I also want to say that Pedazo is very much about first-generation American experience. I was born in the US and so I felt it was important to make music that reflected that. So many of my friends are either immigrants or from immigrant families and we always talk about this sort of volleying of culture. Like yeah, I love bachata, but I also love My Bloody Valentine, so how can I make something of those disparate influences.
Something that blows me away is your ear for finding samples. Is that something that comes to you naturally, or something that you developed over time?
I’d say a little bit of both, but I think my love of headphones is a major component. I always have them on and obsess over little ear candy moments in music. A sound can do much more for me than composition or lyrics.
Do you have a specific idea before recording of what you want a song to sound like? Do you go back and listen to a song and notice where you can add something. What is your thought process when recording/writing?
Nah, not really. I mean sometimes yeah, I have an idea and really try to explore, but most times I sit and listen to something I haven’t listened to or mess around on piano/guitar until something hits. Then I’m slowly developing the song over months. It’s a lot of spending hours on a phrase, walking away for a week, then coming back to add one more phrase haha.
Talk to us a bit about your upcoming remix version of you latest album release what was the recording process like?
It’s weird because my role was mostly administrative. It was a lot of emails and bouncing of stems instead of actually crafting songs. That being said, it was such an honor to see all who were willing, and of course, all who were actually able to finish. I’m eternally grateful for the work all of these amazing artists put in.
What is it like remixing some of your previously released songs?
I was checking out your older music and it seems like you’re starting to take a new step direction. Was there anything that inspired that change?
I love changing it up. In my life, I’ve made rock music, pop, electronic, noise, hip-hop, punk, fucking everything. I really love music and exploring that is what excites me, so I’d say that. I also think the political, economic, and enviromental landscape have had a profound impact on me (like everyone else?). It’s hard to make more upbeat music when you’re inundated with what feels like the demise of the planet lol.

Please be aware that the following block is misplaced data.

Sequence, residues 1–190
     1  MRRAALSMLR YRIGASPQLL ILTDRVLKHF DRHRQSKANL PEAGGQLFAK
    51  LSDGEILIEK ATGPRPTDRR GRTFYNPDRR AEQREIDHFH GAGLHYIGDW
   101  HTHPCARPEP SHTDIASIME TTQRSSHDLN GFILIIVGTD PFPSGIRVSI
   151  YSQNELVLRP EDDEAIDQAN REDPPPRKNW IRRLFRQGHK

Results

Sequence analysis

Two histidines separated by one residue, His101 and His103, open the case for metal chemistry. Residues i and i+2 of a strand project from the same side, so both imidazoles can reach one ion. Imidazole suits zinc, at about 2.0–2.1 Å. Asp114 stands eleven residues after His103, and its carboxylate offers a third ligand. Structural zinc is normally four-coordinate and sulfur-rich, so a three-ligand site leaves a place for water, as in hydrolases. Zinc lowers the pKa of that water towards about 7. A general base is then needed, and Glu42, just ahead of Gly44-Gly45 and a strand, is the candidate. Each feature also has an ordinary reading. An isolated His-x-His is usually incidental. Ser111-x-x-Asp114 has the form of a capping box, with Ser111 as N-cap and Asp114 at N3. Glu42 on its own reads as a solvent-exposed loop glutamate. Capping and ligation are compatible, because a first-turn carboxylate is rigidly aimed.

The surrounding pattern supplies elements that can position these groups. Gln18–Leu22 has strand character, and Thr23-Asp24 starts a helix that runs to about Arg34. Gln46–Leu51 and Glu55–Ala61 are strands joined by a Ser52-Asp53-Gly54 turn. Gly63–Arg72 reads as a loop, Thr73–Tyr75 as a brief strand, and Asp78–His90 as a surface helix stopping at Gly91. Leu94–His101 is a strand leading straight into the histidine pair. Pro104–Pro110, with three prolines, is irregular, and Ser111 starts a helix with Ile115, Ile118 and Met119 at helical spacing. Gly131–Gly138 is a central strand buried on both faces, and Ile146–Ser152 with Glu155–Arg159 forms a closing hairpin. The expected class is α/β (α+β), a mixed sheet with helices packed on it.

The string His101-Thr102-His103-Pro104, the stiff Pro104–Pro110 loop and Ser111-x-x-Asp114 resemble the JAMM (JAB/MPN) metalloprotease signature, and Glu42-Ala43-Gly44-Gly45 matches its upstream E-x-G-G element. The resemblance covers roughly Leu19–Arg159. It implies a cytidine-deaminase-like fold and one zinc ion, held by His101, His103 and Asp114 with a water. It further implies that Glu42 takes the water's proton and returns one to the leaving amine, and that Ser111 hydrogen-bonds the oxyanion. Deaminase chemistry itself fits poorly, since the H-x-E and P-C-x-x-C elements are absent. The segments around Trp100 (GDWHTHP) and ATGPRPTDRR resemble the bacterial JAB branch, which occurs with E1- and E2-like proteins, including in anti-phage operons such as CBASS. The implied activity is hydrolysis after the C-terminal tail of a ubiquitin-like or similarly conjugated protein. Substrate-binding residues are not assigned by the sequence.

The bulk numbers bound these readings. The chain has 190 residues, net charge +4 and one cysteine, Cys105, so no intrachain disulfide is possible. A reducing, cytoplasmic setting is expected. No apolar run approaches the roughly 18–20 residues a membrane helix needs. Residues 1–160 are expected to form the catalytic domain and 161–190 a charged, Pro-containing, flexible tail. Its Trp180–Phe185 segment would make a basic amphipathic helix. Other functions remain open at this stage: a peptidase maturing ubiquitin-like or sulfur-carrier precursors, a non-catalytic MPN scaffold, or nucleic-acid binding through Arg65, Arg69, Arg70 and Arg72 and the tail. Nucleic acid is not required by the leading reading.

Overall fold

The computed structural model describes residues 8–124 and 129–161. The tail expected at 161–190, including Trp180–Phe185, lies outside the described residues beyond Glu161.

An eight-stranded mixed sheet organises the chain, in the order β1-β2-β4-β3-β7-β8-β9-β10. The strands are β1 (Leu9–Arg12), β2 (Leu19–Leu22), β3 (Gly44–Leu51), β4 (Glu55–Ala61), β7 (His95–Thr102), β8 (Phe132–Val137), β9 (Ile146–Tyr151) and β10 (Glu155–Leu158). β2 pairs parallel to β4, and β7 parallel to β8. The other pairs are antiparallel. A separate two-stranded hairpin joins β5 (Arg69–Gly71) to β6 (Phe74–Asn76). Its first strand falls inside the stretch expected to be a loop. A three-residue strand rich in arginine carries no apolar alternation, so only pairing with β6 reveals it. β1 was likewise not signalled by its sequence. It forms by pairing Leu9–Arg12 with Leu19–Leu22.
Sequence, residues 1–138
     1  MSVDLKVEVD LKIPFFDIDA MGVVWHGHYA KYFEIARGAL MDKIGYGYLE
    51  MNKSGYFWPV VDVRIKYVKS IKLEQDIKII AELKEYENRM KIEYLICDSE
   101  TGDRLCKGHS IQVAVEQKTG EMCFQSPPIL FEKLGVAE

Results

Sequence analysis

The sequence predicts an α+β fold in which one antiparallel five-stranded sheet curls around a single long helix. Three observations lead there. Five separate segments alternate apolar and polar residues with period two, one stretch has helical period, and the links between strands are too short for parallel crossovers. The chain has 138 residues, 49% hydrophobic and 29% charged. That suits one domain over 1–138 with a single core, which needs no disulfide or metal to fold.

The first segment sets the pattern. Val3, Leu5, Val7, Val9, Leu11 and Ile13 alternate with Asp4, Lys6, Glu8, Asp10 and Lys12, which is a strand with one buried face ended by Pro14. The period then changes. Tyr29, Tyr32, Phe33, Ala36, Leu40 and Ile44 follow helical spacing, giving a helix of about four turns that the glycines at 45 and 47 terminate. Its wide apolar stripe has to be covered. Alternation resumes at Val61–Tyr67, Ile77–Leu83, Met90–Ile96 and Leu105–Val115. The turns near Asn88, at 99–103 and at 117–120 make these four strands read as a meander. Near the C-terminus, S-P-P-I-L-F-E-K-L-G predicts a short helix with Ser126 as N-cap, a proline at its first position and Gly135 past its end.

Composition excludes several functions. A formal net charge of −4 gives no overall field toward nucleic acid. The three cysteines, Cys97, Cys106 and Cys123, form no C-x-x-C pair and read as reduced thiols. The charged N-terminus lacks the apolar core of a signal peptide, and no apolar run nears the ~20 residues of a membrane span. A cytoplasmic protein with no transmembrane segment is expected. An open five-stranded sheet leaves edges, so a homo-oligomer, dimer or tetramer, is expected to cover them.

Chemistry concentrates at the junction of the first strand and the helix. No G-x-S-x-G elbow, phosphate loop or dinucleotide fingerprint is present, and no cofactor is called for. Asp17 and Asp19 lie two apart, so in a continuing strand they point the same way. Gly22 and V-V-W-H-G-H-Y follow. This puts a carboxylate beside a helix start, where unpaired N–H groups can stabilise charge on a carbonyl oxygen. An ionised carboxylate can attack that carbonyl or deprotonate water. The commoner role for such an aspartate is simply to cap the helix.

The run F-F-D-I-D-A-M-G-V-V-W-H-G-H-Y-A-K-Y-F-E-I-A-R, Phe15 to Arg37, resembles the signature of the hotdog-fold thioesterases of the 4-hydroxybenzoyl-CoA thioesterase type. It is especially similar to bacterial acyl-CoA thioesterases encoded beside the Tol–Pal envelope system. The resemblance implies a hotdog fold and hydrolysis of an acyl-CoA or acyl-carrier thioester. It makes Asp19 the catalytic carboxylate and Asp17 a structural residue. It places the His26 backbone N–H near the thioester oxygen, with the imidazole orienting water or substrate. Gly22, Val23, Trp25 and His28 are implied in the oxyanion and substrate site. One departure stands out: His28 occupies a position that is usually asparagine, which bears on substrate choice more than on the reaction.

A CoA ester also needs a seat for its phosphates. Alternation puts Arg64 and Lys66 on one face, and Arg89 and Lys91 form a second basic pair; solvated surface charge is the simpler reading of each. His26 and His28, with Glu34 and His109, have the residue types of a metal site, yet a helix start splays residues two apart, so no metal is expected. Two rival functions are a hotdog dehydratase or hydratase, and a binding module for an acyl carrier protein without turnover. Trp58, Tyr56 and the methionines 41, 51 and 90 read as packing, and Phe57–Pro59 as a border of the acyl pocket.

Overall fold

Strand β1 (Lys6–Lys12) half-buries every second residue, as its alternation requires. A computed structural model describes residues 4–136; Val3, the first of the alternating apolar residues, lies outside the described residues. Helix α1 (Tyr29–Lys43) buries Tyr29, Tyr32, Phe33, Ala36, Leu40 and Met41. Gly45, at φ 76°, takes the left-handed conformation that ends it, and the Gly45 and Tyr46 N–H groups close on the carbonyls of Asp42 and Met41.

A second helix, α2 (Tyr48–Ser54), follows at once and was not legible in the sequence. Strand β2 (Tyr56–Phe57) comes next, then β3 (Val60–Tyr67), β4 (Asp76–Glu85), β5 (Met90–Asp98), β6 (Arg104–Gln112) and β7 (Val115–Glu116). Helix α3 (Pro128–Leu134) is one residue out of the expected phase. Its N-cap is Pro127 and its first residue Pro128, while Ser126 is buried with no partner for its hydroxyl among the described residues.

I also definitely wanted to remind myself that I come from playing instruments, so I’ve sampled less and less in the last few years. Sampling isn’t going away, but when I listen to artists like Melo-Zed I just wanna do it all at the same time.
What do you do that helps you grow, evolve as an artist?
Make art when you don’t want to and don’t make art when you want to. I know that sounds strange, but I feel it’s important to learn balance and challenge in your practice. Also, always make sure to show up for the art in your community. The best feeling is going to a show and feeling like I’m not good enough so I hurry home to practice.
What can we expect to see/hear from Pedazo in the near future?
More live instrumentation for sure. I also really miss writing outside of music, so maybe more of that?
To wrap things up, do you have any questions for me?
How’d I do?
Honestly, you did great. You gave well thought out responses. This was fun!
Thank you so much for taking the time to talk to me!
Thank you!! I know things are strange and bleak for music writers, but whether artists like to admit it or not, we need y’all. So thank you for all you do.
Absolutely! I love getting to know artists that I